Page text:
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Embarrassing moments while boating

It's a new year, and with it will come some embarrassing moments while boating, whether its mistakes we've made or situations we encounter, whether its something that has happened to us in the past or maybe something we will experience in the future, we all have had them and always will.

Boat US has an article posted on its website that I found interesting this first full week of the new year, and while their list of ways to avoid these situations is helpful, I thought maybe a personal experience or two may prove helpful to others.

According to the story on the Boat US website, "Landlubbers make resolutions for the New Year. Recreational boaters, however, will usher in 2014 wishing for good fishing, wind in the sail, or a full tank of fuel. But that’s not all that sometimes happens on the water. Murphy and his “law” make appearances. “It’s hard to track some of these things, because no one likes to admit it,” said BoatUS Vice President Public Affairs Scott Croft. “But based on past experience, we know some of these boating ‘moments’ will happen to boat owners in the New Year, so we’ve gathered some tools and tips to avoid these troubles.”

Long ago I resolved to never repeat some of my most outrageous embarrassing moments, and so far so good for most of them.

The first would be the day I decided I was experienced enough to sail into the mooring field and catch my mooring. Problem being that as I came into the cadre of boats in our mooring field the wind cycled a bit more to the north, the boom came around, I panicked and spun around to exit before I got into a more populated area, trouble began when the jib jibbed and puff of wind filled the sail on a heading straight for another boat. I tried steering directly into the wind to kill the sails, stalled temporarily, but while I was trying to drop the main, the jib caught the wind once again, and this time it was too late, my bow was heading directly amidships of an unknown members boat. I attempted to fend off said boat by running up to the bow and pushing off, which I did, but not until the other captain shot out from his cabin screaming, "What the........" My bow did knock into the side of the other boat, but gently, I fumbled for an explanation as he accused me of being drunk. I kept apologizing as I was trying to push off. He noticed my young son was aboard with me, which tempered the situation some. He grumbled something, as I drifted past his stern.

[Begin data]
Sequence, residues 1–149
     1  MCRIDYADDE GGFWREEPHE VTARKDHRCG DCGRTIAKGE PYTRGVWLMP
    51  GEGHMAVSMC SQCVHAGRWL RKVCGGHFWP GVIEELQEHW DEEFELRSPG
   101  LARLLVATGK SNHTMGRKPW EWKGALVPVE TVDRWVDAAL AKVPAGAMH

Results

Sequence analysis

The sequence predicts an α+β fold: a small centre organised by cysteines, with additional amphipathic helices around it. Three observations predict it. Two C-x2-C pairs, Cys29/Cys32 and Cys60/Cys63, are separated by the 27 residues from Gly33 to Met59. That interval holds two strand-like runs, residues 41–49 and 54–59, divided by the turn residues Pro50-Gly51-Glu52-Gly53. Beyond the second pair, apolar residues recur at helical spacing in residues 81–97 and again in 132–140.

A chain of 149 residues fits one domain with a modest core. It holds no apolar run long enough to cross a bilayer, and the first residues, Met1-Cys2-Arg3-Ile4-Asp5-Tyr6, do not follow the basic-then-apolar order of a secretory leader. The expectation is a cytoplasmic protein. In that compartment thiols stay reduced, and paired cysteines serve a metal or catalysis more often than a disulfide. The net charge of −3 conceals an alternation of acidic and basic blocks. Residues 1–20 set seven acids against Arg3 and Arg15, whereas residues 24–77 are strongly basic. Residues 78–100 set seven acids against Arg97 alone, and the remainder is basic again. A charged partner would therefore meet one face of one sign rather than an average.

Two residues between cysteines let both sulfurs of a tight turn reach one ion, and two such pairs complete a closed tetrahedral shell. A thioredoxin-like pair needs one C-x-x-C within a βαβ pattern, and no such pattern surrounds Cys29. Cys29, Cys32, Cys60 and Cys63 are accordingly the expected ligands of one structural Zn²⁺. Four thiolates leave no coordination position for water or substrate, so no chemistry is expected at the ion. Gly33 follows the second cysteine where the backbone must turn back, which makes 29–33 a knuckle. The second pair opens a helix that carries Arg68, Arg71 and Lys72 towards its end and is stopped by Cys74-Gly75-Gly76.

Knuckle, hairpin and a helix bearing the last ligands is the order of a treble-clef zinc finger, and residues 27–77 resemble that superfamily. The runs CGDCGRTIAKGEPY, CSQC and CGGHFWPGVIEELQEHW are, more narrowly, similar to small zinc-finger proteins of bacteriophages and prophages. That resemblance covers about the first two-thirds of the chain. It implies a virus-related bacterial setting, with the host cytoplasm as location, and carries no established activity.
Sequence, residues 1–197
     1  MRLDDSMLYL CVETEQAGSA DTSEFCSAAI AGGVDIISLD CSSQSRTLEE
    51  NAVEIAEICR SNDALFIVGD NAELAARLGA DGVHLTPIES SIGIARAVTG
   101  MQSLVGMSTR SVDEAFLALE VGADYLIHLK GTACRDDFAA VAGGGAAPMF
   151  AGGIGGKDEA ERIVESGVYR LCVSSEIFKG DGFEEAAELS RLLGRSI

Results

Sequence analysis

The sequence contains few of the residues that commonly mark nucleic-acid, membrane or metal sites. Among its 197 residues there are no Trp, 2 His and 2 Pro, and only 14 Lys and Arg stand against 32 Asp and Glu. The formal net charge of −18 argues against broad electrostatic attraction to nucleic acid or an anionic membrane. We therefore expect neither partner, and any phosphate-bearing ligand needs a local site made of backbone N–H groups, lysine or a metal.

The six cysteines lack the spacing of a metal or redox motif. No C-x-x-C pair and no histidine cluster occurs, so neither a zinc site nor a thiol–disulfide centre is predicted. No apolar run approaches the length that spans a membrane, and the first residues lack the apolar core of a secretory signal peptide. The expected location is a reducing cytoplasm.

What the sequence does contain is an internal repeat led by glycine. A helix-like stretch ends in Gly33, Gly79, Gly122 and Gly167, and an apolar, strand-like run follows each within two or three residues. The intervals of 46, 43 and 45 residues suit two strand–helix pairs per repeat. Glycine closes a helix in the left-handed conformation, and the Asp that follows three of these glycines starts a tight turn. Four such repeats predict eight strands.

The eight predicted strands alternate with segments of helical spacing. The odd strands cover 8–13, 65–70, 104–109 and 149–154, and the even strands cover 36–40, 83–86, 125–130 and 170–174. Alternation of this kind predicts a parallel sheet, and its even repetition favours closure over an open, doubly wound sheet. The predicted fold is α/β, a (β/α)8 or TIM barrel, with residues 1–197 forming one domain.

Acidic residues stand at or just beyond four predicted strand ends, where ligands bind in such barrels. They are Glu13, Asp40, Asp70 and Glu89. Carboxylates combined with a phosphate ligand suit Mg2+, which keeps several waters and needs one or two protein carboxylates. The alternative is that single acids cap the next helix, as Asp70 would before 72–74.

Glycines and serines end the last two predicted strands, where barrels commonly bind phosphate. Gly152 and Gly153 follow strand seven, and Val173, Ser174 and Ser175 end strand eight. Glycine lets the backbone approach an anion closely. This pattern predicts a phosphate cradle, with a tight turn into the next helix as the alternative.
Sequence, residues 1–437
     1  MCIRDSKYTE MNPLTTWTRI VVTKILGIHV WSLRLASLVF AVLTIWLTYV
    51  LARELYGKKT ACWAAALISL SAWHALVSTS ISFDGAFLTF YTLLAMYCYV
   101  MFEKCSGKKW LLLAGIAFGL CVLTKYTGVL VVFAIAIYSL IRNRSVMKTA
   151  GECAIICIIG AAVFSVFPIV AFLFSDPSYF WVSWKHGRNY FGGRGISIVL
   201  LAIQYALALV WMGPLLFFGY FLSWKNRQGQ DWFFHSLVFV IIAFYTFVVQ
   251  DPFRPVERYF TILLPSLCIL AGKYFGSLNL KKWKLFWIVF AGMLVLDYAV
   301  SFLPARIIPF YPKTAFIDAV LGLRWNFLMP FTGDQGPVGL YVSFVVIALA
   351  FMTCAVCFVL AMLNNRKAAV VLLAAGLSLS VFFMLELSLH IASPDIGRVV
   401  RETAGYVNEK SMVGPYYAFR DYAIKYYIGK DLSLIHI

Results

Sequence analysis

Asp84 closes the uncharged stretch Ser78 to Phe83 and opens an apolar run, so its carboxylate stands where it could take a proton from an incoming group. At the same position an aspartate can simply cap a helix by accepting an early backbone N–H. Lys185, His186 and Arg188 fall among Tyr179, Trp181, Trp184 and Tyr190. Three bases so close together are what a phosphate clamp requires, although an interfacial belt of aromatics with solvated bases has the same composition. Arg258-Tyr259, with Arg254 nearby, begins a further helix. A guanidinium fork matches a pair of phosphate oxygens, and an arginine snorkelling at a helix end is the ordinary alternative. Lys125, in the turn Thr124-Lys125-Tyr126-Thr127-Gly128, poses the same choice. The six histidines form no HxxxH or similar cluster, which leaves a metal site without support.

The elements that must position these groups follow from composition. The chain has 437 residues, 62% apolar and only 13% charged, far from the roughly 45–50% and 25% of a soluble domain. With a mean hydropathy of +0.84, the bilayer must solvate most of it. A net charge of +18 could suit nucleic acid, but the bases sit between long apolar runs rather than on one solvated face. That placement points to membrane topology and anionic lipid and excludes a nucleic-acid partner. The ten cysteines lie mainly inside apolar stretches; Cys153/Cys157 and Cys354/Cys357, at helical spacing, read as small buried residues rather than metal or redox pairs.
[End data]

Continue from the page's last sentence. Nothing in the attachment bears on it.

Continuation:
I made it to a clear area, dropped the Jib, and put the motor on. Since then I have learned how to sail onto my mooring in light air, but ever since then I have been super cautious and motored in more often than not.

The other embarrassment I intend on keeping myself from repeating is falling overboard, for no good reason at all. One day I was at the club early in the season, and I noticed a few sticks on the small roof over the cockpit of our work barge. They weren't especially hard to reach from a standing position on the deck, but I decided to step up on the railing that runs along the side of the barge. After clearing the debris off the roof I went to step down to the deck, completely lost my balance and started falling towards the back of the boat, where there was a locker and the outboard motor and mount. Knowing it was going to hurt, I pushed off with the one foot still on the railing, and took a nosedive into about 5 feet of cold water. It was only the beginning of april and it was freezing. My wallet, phone, everything soaked.

Having so spare clothing, I trudged up to the clubhouse, stripped all but naked, started a fire in the fireplace, and hung out till my clothes were dry enough to put back on, all of the contents of my wallet on the table.

Luckily nobody was there to see it, and if I have my druthers, it will never happen again!

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